Solved – Why not use modulus for variance?

I am trying to wrap my mind around the variance definition.

Given a set of values S and n = #(S), the variance is defined as:

operatorname{var}(S) = frac{sum_{i=1}^n( S_i – operatorname{mean}(S) )^2} n

And the square root of that (standard deviation) measures how far away the values are on average from the mean.

However, there is a simpler formula that also measures how far away the values are from the mean:

operatorname{another Possible Def For Var}(S) = frac{sum_{i=1}^n|S_i – operatorname{mean}(S)|}{n}

I am trying to understand the reasoning behind the fact we use square root instead of a simpler modules function there. Is there a real reason why variance was defined the first way and not the second way?

# EDIT #

Ok, looks like the given reasons so far are way more advanced than what I was expecting.

The argument of squaring it as opposed to taking the modulus saying the modulus make the math more complicated is valid, but more of a consequence of the definition rather than a reason for it being defined as it is IMHO. Same thing goes for the Central Limit Theorem.

I ended up finding the exact same question at Khan Academy. There, the following reasons were also given:

  1. "Squaring emphasizes larger differences (think of the effect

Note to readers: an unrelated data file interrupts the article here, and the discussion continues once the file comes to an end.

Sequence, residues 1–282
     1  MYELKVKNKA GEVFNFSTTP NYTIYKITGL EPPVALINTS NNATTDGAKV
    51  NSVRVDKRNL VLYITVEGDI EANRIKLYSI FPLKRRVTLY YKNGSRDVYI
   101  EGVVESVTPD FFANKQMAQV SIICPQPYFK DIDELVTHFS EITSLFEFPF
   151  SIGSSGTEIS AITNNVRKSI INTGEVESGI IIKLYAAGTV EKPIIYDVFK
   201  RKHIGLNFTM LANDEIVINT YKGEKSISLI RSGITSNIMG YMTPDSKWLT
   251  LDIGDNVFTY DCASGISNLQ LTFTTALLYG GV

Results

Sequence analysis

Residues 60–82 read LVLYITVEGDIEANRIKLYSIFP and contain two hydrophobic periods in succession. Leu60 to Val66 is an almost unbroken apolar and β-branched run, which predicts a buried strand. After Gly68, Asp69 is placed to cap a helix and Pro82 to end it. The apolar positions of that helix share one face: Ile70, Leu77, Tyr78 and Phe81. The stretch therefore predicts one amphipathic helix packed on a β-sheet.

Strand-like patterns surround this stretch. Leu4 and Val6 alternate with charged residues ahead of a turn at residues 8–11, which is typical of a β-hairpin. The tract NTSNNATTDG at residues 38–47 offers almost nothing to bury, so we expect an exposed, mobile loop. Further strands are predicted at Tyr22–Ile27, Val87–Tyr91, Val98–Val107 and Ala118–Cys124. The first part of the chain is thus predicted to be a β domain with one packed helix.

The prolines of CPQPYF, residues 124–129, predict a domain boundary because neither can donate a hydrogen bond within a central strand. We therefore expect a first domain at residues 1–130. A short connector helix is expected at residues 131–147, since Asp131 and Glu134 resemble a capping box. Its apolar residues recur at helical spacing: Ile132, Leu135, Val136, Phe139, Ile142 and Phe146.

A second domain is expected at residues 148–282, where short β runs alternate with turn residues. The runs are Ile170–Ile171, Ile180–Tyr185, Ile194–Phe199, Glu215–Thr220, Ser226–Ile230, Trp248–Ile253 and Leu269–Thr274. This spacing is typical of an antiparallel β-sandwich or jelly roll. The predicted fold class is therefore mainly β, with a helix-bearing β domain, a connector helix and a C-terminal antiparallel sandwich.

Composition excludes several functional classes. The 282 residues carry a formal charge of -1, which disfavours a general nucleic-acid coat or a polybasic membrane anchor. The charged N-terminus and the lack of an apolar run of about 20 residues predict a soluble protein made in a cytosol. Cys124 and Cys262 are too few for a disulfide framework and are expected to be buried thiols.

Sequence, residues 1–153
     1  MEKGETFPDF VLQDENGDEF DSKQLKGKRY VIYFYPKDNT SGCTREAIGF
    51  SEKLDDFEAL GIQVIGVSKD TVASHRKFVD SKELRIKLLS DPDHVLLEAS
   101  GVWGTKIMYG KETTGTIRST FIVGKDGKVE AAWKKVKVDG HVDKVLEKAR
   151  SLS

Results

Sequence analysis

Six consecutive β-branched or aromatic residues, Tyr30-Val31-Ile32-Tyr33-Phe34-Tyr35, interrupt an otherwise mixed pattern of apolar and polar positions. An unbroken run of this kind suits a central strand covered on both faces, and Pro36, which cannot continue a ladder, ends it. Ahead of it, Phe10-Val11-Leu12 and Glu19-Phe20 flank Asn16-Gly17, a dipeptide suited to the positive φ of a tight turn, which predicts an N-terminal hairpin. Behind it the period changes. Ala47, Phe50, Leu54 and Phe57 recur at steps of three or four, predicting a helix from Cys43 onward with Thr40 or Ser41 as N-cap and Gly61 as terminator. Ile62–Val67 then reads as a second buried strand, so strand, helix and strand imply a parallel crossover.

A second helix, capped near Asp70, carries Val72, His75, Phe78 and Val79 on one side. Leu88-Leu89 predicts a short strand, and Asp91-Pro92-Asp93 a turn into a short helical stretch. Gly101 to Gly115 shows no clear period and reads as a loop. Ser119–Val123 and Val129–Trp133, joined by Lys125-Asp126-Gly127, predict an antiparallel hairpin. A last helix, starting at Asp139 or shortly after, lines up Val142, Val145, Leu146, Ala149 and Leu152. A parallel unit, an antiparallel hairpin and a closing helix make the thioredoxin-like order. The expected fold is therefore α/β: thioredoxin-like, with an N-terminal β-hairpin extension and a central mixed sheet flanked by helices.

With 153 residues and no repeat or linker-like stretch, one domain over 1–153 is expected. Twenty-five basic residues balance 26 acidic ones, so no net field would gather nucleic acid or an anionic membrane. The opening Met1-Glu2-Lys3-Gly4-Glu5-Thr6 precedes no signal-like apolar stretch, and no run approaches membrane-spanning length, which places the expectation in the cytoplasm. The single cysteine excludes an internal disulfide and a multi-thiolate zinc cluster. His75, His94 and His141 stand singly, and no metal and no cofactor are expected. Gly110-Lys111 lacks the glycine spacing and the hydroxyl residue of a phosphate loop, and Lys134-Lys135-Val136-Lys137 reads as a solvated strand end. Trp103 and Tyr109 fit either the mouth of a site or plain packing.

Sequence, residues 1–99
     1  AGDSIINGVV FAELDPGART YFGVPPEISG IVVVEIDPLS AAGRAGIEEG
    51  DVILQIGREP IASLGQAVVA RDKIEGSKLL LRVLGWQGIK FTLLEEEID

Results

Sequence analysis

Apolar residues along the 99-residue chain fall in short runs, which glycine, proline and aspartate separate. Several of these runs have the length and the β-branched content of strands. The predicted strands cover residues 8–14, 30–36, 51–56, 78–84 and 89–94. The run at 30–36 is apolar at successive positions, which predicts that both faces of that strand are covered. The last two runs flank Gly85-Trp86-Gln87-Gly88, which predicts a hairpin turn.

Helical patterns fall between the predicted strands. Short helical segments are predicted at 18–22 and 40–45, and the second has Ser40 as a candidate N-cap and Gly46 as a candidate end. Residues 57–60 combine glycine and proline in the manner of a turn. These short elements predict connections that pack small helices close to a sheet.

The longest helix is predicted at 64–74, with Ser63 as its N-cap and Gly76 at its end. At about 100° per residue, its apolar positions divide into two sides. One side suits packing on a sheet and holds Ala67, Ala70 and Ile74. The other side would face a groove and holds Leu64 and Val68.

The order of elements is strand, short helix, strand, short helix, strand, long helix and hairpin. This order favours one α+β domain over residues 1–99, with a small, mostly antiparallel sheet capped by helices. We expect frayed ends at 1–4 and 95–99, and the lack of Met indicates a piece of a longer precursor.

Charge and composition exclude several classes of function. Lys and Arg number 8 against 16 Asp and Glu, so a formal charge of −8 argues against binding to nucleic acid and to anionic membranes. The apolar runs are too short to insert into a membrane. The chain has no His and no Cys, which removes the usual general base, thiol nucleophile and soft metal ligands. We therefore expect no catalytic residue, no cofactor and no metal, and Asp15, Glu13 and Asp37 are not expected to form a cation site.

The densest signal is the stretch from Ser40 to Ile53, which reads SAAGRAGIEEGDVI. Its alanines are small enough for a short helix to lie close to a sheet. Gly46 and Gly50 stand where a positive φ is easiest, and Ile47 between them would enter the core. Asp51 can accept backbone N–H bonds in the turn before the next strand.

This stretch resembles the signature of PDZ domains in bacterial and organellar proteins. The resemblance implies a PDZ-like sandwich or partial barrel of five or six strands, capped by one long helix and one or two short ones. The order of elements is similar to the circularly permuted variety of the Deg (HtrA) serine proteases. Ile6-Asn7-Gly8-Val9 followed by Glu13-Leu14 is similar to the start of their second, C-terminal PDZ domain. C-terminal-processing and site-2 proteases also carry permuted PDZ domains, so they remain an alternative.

outliers have)."
    Another comment also points out: "In addition to
    amplifying large differences from the mean, squaring also MINIMIZES
    tiny differences from the mean"

These are the most convincing reasons I found so far. The modulus will not emphasize large values, neither will it minimize small values. HOWEVER, the same argument goes to any even power. A power of 4 will also amplify large differences and minimize tiny differences (it will actually do a better job at those). So why not take the power of 4 then? (or any other even number for that matter).

  1. "(…) you can also view the equation as being the Euclidean distance between all the points and the mean of the points"

That's more of a "nice-to-have" than a reason to me. If anything, the modules would give the Manhattan distance. So what?

Having said all that, I am not 100% convinced yet. I believe this question is way deeper than it looks at first glance and judging from the Khan Academy number of upvotes, I am not the only one confused about it.

Best Answer

Let $mu=operatorname{E}(X).$

The main reason for using $sqrt{operatorname{var}(X)} = sqrt{operatorname{E}((X-mu)^2)}$ as a measure of dispersion, rather that using the mean absolute deviation $operatorname{E}(|X-mu|),$ is that if $X_1,ldots,X_n$ are independent, then $$ operatorname{var}(X_1+cdots+X_n) = operatorname{var}(X_1)+cdots+operatorname{var}(X_n). tag 1 $$ Nothing like that works with the mean absolute deviation. For example, try it with $X_1,X_2,X_3,simoperatorname{i.i.d.} operatorname{Bernoulli}(1/2).$

In any problem where you use the central limit theorem, you need this.

For example: What is the standard deviation of the number of heads that appear when a coin is tossed $900$ times? That's easy to find because of $(1).$

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